These guidelines are based on the scientific mode of “working dredging rate” for minimising associated costs and include detailed technical investigation for dredging projects. Survey and geotechnical investigation are two crucial aspects of a dredging project. Detailed investigations are prerequisites for equipment planning, rate determination and avoiding conflicts between the contractor and the port authority. Besides, these guidelines highlight the importance of reusing dredged material.
Dredging projects are expected to generate economic growth by enhancing export-import trade.
In fact, recycling and reusing dredging material has been a key focus area for the MoPSW. The utilisation of these materials results in saving a significant amount of resources, thereby contributing to environmental conservation.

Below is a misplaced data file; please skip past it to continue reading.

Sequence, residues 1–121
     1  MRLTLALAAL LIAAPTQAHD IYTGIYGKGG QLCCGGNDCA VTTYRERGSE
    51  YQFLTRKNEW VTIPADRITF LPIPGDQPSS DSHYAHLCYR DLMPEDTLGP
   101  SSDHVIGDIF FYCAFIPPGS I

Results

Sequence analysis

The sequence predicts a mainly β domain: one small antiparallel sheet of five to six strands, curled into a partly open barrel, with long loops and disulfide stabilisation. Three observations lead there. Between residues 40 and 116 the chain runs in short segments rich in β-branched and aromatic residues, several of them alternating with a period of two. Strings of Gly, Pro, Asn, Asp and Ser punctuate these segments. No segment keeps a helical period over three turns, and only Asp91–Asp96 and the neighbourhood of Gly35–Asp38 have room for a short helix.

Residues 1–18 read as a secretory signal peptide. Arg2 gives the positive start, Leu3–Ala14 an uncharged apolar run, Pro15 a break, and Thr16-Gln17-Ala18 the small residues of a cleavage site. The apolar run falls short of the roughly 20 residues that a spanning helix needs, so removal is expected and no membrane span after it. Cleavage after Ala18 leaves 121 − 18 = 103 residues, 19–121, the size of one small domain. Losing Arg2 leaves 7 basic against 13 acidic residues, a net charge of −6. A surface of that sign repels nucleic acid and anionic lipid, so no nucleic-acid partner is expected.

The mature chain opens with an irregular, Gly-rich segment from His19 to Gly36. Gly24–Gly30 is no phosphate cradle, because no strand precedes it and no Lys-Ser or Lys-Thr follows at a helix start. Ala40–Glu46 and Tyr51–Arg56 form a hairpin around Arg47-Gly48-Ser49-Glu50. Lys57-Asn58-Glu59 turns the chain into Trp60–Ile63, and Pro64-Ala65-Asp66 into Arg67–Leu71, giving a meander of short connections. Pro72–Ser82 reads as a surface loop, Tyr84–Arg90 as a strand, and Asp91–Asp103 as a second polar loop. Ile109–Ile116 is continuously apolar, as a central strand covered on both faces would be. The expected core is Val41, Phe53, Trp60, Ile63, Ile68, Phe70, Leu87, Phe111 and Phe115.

The 12 major ports under the administrative control of the MoPSW undertake dredging activity for the removal of dredged material to maintain navigable depth for vessel movement. The material comprises a mixture of silt, clay, sand, gravel and other impurities. Typically, this material is either disposed of to the deep sea or used for reclamation purposes, if suitable.
The MoPSW guidelines call for major ports and the Inland Waterways Authority of India to incorporate suitable provisions in dredging contracts for promoting the reuse/recycling of generated dredged material. This also rationalises the cost of dredging through the monetisation of the dredged material, resulting in the creation of “waste to wealth”. Moreover, the utilisation of these materials contributes to resource sustainability, thereby aiding environmental conservation efforts through the recycling of waste and the conservation of fresh resources.